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    (Sheridan, 2013)Carmilla is one of the first stories, if not the first, concerning vampirism. Written by Joseph Sheridan Le Fanu, an Irish writer who is often compared to Edgar Allen Poe, this novella was originally published in 1872, thus predating in fact a full twenty-five years before Bram Stoker’s famous tale ’Dracula’, which is heavily influenced by Carmilla. It tells the story of a young woman's susceptibility to the attentions of a female vampire named Carmilla and the story is thick with

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    come out at night? By disguising themselves with the use of costumes and performance, vampires such as Lestat and Carmilla are able to infiltrate human society and prey from within. Whenever it is to fit in or to help them prey by dressing up, acting a certain way or living in a proper house, vampires are able to survive. But sometimes they don't need to act. Both Claudia and Carmilla simply use their venerable appearance to get close to their victims. If there's one thing that vampires across

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    Bram Stoker and Sheridan Le Fanu’s texts, Dracula (1898) and “Carmilla” (1872), use gothic tropes in similar ways to captivate readers with horror and terror. This essay will illustrate how, in comparison, both texts include gothic tropes: the New Woman, sexuality and setting, in order to provoke emotions and reactions from the readers. To achieve this, this essay will focus on the women that challenge traditional gender roles and stereotypes, and deconstruct each text in regards to the very strong

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    The Lilith in Dracula, Carmilla, Christabel, Geraldine and The Hunger For centuries Lilith, the Queen of the Night, has been blamed when a child or man dies without certain cause or when a woman refuses to be submissive to her husband.  While the Legend of Lilith is not widely known today, it is not difficult to find information about the demoness. However, there are slight variations found from story to story.  Here we will focus on the myth as found in Hebrew mythology, and we will particularly

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    Carmilla Reading Response Carmilla by Joseph Sheridan Le Fanu is a tale about two young women from different walks of life. One of the two young ladies named Laura, plays the role of the narrator and the victim. She begins her story by describing her life and why she was so easily influenced by the antagonist, Carmilla. Laura lives with her father an English widower, retired from the Austrian Service. Laura also makes mention of the other residents in her home, her gouvernantes, who took care of

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    Victorian gothic story, “Carmilla,” not only challenges typical Victorian gothic, but also breaks the barrier in a society where lesbianism is considered a taboo. Through “Carmilla,” Le Fanu breaks the barrier in society for lesbianism in the 19th century by challenging three important things: traditional vampire traits, role of women, and religion.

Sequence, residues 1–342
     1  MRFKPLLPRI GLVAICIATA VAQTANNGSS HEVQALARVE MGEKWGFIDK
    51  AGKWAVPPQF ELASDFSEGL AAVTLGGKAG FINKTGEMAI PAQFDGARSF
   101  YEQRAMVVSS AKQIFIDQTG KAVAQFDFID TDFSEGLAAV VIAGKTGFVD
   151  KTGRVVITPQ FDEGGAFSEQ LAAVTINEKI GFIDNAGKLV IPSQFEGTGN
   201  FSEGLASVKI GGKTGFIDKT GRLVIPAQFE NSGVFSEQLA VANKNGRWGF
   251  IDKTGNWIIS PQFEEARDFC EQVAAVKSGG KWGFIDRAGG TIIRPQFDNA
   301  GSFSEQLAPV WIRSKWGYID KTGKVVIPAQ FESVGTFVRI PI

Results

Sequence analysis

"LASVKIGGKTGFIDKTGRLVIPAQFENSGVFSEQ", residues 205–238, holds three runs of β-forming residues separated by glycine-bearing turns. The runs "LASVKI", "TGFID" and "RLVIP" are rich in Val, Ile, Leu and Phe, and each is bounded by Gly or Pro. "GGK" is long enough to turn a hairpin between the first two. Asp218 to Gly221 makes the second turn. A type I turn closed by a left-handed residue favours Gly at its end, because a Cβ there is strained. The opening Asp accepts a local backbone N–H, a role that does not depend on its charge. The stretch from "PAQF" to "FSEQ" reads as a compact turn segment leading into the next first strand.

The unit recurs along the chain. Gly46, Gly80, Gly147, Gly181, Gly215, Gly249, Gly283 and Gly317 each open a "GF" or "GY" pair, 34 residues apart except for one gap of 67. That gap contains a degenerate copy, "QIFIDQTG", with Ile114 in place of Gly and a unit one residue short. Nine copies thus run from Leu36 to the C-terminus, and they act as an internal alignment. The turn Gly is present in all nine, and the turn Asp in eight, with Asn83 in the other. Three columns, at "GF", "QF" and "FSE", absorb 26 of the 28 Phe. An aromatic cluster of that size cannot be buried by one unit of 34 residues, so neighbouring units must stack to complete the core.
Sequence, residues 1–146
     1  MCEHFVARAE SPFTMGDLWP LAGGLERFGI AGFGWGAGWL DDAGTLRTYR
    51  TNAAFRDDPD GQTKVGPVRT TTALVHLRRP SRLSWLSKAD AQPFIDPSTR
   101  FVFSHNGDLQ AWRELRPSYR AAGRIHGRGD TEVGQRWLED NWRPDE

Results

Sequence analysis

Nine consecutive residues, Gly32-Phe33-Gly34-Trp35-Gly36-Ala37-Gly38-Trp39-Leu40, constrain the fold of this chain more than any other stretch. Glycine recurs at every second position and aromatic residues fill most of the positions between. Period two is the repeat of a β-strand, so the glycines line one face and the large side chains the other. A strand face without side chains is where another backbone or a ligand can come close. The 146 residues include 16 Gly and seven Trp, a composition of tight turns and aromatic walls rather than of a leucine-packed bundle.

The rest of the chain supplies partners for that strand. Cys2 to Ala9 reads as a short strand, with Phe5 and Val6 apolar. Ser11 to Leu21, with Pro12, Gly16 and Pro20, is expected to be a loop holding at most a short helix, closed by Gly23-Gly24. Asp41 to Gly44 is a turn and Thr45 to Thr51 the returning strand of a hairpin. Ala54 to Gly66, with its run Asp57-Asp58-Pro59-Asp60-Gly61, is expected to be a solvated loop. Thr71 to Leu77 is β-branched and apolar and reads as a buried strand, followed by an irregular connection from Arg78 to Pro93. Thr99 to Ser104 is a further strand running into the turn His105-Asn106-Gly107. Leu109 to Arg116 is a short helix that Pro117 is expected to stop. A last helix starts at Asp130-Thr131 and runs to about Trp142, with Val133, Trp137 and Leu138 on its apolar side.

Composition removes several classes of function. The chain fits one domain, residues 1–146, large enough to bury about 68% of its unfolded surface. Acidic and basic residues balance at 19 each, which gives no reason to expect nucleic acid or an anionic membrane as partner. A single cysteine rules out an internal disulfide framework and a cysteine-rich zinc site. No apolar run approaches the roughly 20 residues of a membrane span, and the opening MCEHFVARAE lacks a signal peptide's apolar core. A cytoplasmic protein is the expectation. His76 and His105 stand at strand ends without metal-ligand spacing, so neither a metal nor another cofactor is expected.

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    writers or generic conventions, but vary aspects of it in significant ways.” (Clayton, 155). Sheridan Le Fanu’s, Carmilla, Bram Stoker’s, Dracula and Elizabeth Kostova’s, The Historian, clearly engage in this intertextual exchange, as evidenced by their use of narrative structure, striking character parallels and authors choice of language. Published in 1872, Le Fanu relates the story of Carmilla from a first person point of view, through four distinct perspectives. The first narrator, an unnamed assistant

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    Victorian Sexuality in Stoker’s Dracula, LeFanu’s Carmilla, and Polidori’s Vampyre Literature is representative of the time in which it is produced. Literature can reflect societal views, attitudes, and fears.Vampire literature, in particular, often represents the fears of a society.In the Victorian Era, a time of intense sexual repression, it was common for vampire stories to reflect the fear of sexuality that was rampant in society. Bram Stoker’s Dracula illustrated fears about sexual women

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    countryside, they become clearer when they are transferred to an Irish setting. During Le Fanu’s last years, his mind become almost completely occupied by the supernatural and all the short stories he wrote at this time were of that nature e.g. ‘Carmilla’ and ‘Green Tea’. His peculiar habits of life contributed to this obsession and there can be little doubt but that many of these weird tales came to him in the form of dreams. Brinsley Le Fanu, his son, gave S.M. Ellis an account of his daily routine:

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    Dracula

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    which has long troubled humankind. Dracula also has considerable cultural importance. Stoker was not the first writer to make use of the vampire legend. Throughout the 19th century vampires appeared in a number of works, including Sheridan LeFanu's Carmilla (1872), which Stoker read as a young man. But it is Stoker's version of the vampire legend that has had the most enduring popular appeal and the greatest influence on modern writers and filmmakers. In his book Vampires Unearthed, Martin Riccardo

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